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Meet The Blazing Star In The Milky Way That Just Won’t Die

Aug 03, 2018 09:08 PM EDT
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The explosion that rocked Eta Carinae in the 1840s was nearly as powerful as a supernova explosion. Amazingly, the star survived.

Eta Carinae is the most luminous star in the Milky Way, and its near annihilation over a century ago is still subject of study. Until now, 170 years later, scientists puzzle over the eruption and the mysterious reason behind it.

Light Echo Unveils New Clues

It's impossible to backtrack and get a glimpse of the explosion, but scientists have found another way to get more information by observing what's known as "light echoes." This phenomenon is when the light emanating from the explosion bounces off interstellar dust and arrives on Earth much later.

The light echo from the Eta Carinae explosion is only just making its way to Earth.

One of the astronomers who led the research is Nathan Smith of the University of Arizona, who calls light echoes "the next best thing to time travel."

"They give us a chance to unravel the mysteries of a rare stellar eruption that was witnessed 170 years ago, but using our modern telescopes and cameras," Smith explains in a report from the Gemini Observatory, adding that the data from the event can be compared to the nebula created from the blast.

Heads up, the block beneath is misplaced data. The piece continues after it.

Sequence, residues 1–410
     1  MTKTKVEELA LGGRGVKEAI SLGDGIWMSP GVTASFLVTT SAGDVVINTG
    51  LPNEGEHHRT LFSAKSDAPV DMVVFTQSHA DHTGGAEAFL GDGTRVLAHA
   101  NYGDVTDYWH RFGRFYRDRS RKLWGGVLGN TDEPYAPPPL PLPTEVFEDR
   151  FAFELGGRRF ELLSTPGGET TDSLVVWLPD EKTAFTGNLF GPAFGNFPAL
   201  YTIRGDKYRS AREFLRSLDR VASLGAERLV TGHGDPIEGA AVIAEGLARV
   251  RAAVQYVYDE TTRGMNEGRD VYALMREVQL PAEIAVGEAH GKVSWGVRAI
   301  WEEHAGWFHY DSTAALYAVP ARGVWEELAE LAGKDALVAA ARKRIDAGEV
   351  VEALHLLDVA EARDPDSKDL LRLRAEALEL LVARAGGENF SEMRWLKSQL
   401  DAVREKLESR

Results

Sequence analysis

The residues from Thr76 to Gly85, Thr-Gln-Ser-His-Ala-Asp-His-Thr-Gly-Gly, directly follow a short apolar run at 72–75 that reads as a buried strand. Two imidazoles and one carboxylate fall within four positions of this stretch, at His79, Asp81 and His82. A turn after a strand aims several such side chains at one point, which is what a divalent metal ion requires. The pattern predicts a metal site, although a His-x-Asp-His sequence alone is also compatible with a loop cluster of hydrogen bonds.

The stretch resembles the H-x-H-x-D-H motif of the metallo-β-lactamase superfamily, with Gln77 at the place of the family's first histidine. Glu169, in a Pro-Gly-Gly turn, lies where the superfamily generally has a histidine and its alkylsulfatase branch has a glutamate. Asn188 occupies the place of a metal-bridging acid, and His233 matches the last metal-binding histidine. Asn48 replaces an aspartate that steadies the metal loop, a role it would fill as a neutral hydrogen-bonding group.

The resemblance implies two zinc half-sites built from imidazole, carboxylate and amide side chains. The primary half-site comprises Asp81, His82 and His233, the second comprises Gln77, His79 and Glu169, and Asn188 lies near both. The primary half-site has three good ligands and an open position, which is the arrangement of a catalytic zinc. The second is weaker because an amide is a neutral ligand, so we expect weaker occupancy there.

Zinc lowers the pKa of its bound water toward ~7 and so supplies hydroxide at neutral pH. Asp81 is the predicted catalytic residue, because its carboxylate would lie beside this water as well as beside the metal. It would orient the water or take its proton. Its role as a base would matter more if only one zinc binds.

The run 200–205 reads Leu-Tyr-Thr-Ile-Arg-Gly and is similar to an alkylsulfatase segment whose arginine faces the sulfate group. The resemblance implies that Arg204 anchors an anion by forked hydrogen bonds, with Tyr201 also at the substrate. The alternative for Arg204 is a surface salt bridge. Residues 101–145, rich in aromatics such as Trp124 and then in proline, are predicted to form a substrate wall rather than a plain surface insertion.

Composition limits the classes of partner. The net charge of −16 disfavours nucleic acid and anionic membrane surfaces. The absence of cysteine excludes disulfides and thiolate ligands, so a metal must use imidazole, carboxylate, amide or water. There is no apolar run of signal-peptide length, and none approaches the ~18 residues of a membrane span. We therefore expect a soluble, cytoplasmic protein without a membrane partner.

This is a valuable piece of knowledge to pursue, he points out, as it's an event that has not occurred since then in the Milky Way galaxy.

The team used the Gemini South telescope from the Gemini Observatory as well as other telescopes in Chile to study the blast and its echoes.

Trio Of Stars May Be The Blast's Origin

By analyzing the wayward light, astronomers discovered that material expanded from the blast up to 20 times faster than they expected, according to NASA.

The speed is comparable to the fastest material ever ejected from a supernova explosion. It's strange to witness from dying stars, as these often produce very slow, gentle winds.

Due to the new findings documented in a pair of papers in the Monthly Notices of the Royal Astronomical Society, the astronomers suggest that the explosion may be borne from a tussle among three stars. In a violent explosion, the Eta Carinae may have devoured one of its siblings, spitting out material 10 times the mass of the sun. This mass eventually became the dumbbell-shaped gas cloud called Homunculus that's still seen in modern images.

"We see these really high velocities in a star that seems to have had a powerful explosion, but somehow the star survived. The easiest way to do this is with a shock wave that exits the star and accelerates material to very high speeds," Smith says.

Eventually, Eta Carinae will experience a true supernova explosion and meet its end. This is due in the next half million years, potentially much sooner.

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